Earlier this week I spoke with graduate and undergraduate students pursuing a sports medicine/athletic training degree from the University o f Alabama. Of all the schools in the country, I thought it was quite ironic that I had a connection with their college town (Tuscaloosa was the sight of the 2008 Olympic Trials and upcoming US Nationals in September). I spoke with an athletic trainer who works with athletes at the Olympic Training Center on a daily basis. I was there to give an athlete’s perspective. The topic: recovery….if there is one thing I have learned the over the past six years being an elite athlete; it is the importance of listening to your body and techniques to properly recover.
I have heard the saying, “It’s not how hard you train, it’s how hard you recover.” The past several years I have realized how true this saying is to reach your top potential and to try and avoid injuries. Of course pushing our bodies to the limits on a weekly basis, injuries due occur throughout an athlete’s career. However, with proper recovery techniques, these injuries can be greatly decreased.
Thinking back to my college days and running at the NCAA level, I realize now how poorly I was at recovering. I did not have much knowledge on nutrition, proper sleep, and stretching techniques…just to name a few aspects. In fact, recovery based training is scientifically proven that it really works, where as ten years ago this type of training was not too well known.
The training center in Colorado Springs has an entire building devoted specifically to recovery techniques. Three years ago, this center opened to all resident athletes and available for athletes to use as much or as little as they choose. Athletes are allotted 90 minutes of massage per week. In addition, the center is equipped with a dry and wet sauna, cold bath, hot tub and a yoga or stretching room. Recently, Norma-Tec pants have been added for athletes to use post workout or between workouts. These pants help flush out waste from the legs, similar to a massage. With nutrition being a fundamental key to recovery, the center is stocked with bars, fruit, and plenty of fluids. If an athlete chooses to take advantage of all the recovery tools, this can definitely give he/she the extra edge needed to perform at their best.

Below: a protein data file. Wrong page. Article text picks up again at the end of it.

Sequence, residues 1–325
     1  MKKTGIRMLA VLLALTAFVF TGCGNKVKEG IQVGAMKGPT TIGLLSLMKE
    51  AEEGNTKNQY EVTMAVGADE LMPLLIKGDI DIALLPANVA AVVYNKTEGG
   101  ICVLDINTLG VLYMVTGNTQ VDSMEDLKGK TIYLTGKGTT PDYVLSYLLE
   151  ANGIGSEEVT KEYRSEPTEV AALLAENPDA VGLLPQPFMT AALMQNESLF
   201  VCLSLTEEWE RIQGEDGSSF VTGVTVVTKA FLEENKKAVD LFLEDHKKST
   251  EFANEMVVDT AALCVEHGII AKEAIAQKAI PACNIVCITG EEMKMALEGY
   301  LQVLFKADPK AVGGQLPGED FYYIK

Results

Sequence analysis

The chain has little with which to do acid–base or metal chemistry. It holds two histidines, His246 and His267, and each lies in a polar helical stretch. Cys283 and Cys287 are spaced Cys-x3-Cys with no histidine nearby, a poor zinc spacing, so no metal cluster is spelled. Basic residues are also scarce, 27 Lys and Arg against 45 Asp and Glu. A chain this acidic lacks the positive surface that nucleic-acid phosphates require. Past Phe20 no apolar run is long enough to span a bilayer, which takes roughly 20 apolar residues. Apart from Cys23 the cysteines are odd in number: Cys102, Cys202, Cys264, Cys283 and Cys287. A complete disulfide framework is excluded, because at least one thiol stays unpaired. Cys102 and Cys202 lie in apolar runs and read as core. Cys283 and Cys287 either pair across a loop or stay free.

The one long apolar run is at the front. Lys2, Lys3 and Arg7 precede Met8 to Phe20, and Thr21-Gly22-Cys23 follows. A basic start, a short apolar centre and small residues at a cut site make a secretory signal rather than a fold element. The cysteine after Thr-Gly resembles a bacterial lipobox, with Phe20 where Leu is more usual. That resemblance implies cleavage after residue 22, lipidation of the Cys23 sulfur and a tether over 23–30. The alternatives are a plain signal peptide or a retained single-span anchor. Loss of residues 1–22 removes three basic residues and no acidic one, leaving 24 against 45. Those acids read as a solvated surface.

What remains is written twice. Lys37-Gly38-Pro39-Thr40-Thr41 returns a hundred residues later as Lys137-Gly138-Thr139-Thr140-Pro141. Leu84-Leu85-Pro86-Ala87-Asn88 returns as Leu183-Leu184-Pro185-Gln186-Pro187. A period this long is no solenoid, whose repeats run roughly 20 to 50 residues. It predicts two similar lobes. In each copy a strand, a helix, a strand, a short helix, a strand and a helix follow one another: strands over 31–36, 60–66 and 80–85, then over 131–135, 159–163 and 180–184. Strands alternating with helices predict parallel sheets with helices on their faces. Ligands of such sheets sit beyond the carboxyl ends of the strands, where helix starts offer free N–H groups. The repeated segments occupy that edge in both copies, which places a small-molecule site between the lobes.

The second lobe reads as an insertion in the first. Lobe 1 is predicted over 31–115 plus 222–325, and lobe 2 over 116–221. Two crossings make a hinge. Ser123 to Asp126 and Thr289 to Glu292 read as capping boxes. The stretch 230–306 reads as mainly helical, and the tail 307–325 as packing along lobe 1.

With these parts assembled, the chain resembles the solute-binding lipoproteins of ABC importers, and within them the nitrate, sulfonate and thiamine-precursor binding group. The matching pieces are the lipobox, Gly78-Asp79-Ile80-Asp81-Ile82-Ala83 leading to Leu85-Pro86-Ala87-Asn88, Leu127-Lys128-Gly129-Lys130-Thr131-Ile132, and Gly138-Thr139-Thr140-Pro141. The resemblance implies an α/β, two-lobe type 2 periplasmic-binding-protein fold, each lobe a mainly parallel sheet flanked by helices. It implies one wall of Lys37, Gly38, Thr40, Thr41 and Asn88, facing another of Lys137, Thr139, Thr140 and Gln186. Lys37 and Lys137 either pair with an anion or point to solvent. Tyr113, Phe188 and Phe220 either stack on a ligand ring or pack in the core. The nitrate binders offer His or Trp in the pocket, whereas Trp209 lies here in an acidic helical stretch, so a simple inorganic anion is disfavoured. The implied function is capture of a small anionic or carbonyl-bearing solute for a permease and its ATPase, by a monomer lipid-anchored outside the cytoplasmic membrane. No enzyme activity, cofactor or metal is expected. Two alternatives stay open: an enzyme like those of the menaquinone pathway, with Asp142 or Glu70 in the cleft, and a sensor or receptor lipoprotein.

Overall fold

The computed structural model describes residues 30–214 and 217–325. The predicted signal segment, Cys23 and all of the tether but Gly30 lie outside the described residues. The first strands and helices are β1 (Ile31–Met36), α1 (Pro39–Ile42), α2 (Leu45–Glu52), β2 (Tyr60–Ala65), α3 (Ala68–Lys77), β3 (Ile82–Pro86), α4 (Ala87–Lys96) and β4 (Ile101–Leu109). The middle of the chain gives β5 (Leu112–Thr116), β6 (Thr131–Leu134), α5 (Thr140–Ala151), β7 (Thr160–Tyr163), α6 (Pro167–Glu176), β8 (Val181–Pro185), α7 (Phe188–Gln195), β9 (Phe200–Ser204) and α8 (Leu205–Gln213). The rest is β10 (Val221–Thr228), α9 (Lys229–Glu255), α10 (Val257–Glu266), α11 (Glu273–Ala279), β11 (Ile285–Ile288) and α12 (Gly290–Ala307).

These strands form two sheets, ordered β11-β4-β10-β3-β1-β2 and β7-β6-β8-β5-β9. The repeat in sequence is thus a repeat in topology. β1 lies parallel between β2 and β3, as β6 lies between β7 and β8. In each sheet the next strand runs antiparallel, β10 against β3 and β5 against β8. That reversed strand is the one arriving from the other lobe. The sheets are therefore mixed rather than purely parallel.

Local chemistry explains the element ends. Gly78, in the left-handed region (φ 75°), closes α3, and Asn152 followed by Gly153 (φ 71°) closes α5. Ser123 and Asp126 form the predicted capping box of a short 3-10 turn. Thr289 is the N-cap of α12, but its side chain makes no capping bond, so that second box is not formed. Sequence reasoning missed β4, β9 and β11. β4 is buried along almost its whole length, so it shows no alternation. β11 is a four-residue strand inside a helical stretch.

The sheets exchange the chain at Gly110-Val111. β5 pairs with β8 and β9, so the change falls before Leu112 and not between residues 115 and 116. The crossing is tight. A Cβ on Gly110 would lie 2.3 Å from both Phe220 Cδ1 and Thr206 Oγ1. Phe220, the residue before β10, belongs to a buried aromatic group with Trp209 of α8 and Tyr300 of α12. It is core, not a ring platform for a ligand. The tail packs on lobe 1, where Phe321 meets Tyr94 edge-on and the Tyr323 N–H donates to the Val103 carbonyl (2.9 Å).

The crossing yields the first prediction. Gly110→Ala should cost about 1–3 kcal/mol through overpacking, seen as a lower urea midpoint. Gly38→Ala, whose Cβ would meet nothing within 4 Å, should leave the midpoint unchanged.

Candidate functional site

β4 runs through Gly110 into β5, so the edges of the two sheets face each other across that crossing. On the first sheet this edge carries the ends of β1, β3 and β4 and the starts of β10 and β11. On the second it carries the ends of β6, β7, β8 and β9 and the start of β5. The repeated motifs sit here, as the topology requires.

Just as training can be individually based, I feel recovery works the same way. A certain recovery technique that works best for athlete A, may not work best for athlete B. Find what works best for you! Some of the key recovery techniques that I use and pay attention to: 1) nutrition/hydration: making sure you are fueled properly pre/during/post workout. Fueling within 30 minutes with after finishing a quality session is key for the muscles to recover. 2) sleep/rest: The best way for the body to recover is quality sleep. Sleep is one of the best ways for me to listen to my body and know that I am properly recovering. If I begin to have consecutive poor nights of sleep, this alerts me I may be “overtraining”. 3) massage: This is a great way to flush the legs after travel or tough training. I feel massage is a great way to prevent injury as well 4) ice bath : After a high intensity bike or run session, ice baths are a great way to help flush out the legs and get them ready for another challenging session the next day 5) strength training/stretching –I spend time daily working on my flexibility and strength training all the “little” muscles to help prevent injury and improve my performance in addition to strengthening the large muscle groups 6) compression tights—I find these are great for travel or after a key workout…they keep the blood flowing in the legs to speed up recovery. If for some reason I can’t prop my legs up after a tough workout and going to be on my feet; the compression socks are a must.
Good luck with your race season and don’t forget to recover!